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From Idea to Text
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  1. From Idea to Text John R. Hayes Carnegie Mellon University Presented to the Conference on Writing Development: Multiple Perspectives July 2nd, 2009

  2. Overview • An Experimental Method • Language bursts as a tool for studying writing processes • A Theoretical Issue • Parallel vs. Sequential Processing in writing © 2009 John R. Hayes

  3. The Language Burst Phenomenon • When people write, they typically produce text in short bursts of words separated by pauses and other activities © 2009 John R. Hayes

  4. An Example The best thing about it is that – what?Something about using my mind – it allows me the opportunity to – uh – I want to write something about my ideas – to put ideas into action or to – develop my ideas into – what? – into a meaningful form – oh, bleh! – say it allows me – to use na! – allows me – scratch that – The best thing about it is that it allows me to use – my mind and my ideas in a productive way © 2009 John R. Hayes

  5. Why Might Language Bursts Be Interesting? • May reflect a bottleneck in writing process • Identifying the bottleneck may pinpoint a source of writing difficulty • Related to but different from pause measures • Focused on doughnut rather than hole © 2009 John R. Hayes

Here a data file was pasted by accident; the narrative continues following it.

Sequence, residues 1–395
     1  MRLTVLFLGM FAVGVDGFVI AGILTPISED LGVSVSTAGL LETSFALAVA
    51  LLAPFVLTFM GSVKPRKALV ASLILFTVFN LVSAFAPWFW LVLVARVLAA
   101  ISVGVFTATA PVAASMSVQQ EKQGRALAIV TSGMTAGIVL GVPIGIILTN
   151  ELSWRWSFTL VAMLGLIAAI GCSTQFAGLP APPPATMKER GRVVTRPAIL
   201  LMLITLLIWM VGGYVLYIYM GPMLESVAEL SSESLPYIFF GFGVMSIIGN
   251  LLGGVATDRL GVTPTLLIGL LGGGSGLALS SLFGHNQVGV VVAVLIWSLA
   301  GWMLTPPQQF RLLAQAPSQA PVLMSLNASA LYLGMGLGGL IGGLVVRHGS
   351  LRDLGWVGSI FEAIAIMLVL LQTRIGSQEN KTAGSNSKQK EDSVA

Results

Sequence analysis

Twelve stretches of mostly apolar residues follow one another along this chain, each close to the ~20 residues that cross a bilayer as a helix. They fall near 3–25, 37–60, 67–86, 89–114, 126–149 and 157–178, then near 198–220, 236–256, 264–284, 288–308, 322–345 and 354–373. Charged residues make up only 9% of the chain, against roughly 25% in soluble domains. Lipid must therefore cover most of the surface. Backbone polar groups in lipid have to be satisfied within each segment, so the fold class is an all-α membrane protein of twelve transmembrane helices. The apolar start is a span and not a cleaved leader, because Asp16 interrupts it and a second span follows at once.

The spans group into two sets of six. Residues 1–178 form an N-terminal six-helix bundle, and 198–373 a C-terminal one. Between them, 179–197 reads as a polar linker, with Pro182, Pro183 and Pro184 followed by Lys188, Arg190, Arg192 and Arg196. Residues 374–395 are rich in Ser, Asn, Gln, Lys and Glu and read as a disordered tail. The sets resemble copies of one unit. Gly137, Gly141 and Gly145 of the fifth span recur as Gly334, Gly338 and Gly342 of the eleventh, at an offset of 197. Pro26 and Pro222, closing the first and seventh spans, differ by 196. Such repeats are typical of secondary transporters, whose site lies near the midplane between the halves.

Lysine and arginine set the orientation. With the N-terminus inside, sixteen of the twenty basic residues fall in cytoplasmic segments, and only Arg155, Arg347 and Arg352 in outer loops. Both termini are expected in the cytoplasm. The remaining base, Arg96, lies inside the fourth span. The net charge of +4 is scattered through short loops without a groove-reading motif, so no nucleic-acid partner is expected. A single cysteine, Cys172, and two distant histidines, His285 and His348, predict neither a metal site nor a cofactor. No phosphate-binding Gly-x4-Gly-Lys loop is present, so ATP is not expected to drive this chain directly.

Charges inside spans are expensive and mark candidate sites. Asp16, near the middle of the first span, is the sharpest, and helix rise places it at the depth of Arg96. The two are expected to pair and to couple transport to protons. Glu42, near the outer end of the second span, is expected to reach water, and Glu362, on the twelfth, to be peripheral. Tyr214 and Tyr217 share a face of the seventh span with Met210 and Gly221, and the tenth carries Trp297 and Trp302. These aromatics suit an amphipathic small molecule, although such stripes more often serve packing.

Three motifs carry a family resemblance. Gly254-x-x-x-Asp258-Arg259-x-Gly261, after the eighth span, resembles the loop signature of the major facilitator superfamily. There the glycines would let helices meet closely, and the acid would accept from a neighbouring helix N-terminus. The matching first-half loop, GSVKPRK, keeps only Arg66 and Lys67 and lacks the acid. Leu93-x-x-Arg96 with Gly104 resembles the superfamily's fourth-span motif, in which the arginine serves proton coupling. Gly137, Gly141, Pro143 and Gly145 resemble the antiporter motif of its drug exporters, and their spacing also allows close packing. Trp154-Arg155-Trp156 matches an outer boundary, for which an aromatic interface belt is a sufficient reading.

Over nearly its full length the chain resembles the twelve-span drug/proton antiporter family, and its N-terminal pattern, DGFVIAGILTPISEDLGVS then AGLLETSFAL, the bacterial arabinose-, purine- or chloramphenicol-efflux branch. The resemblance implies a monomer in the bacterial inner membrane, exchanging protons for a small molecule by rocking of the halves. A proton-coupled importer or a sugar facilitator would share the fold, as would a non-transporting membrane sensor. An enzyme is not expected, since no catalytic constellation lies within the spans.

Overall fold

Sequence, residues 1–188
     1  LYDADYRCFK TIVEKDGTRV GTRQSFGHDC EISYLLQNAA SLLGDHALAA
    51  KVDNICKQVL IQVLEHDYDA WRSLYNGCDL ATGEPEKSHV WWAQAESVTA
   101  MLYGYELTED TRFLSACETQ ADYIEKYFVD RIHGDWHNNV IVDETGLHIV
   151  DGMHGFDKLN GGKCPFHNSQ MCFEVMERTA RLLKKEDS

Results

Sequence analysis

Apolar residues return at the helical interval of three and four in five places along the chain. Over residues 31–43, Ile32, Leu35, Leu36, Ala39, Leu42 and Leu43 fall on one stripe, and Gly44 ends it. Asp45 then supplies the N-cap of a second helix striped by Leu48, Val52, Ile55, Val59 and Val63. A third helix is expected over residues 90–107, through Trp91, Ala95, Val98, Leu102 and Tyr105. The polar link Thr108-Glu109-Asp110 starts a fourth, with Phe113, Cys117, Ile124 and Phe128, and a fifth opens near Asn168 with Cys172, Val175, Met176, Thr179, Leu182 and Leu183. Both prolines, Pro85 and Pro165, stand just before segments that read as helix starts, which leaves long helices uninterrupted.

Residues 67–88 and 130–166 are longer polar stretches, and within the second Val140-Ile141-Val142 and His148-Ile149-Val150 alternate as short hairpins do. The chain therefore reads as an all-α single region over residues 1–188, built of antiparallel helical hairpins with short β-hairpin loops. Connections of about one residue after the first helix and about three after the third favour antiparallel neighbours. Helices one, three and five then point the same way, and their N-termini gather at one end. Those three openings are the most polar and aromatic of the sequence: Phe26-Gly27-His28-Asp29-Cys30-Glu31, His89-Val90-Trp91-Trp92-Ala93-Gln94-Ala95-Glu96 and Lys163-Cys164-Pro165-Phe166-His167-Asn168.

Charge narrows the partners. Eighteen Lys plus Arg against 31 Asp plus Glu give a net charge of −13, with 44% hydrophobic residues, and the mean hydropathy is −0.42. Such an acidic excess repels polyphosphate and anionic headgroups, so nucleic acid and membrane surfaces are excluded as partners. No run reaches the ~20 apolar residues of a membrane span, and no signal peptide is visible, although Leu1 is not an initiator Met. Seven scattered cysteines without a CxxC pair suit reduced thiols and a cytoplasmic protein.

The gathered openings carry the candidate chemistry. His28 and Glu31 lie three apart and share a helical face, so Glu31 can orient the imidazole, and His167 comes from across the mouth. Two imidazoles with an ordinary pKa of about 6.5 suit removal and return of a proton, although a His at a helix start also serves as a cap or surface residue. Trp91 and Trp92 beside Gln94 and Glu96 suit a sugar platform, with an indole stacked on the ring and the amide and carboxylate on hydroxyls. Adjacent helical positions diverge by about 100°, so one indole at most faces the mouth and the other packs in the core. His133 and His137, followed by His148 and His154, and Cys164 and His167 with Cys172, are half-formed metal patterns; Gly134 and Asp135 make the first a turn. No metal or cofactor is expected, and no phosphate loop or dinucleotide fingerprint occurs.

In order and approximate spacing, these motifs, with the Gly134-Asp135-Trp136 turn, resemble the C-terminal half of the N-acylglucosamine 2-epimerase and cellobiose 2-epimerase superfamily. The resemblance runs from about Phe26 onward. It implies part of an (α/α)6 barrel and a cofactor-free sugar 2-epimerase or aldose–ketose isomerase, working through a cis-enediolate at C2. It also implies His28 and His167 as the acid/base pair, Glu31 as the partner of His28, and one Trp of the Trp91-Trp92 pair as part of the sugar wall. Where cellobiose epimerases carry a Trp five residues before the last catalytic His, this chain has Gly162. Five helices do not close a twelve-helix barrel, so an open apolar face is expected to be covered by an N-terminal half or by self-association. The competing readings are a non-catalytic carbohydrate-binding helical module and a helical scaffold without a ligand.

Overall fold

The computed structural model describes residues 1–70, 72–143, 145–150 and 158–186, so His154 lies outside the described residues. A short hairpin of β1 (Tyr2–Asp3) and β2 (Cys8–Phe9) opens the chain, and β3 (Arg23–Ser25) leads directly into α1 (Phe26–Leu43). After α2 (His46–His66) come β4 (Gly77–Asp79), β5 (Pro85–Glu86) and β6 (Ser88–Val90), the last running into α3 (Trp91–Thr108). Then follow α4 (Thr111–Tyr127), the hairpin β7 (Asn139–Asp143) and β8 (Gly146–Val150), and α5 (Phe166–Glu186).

6. A First Study of Language Bursts(Kaufer, Hayes, & Flower; 1986) • Question: In what ways do the writing processes of more experienced writers differ from those of less experienced writers? • Think-aloud protocol study comparing graduate students and freshmen © 2009 John R. Hayes

  7. Results © 2009 John R. Hayes

  8. Bursts and Linguistic Experience (Chenoweth & Hayes, 2001) • Question: How does linguistic experience influence burst length? • Protocol study of American students studying French or German • Each wrote two essays, one in L1 & one in L2 • Students varied in L2 experience • Third-semester vs. fifth-semester students © 2009 John R. Hayes

  9. P = .0052

  10. P < .05

  11. Bursts and Working Me (Chenoweth & Hayes, 2003) • Question: How is burst length changed by reducing working memory resources? © 2009 John R. Hayes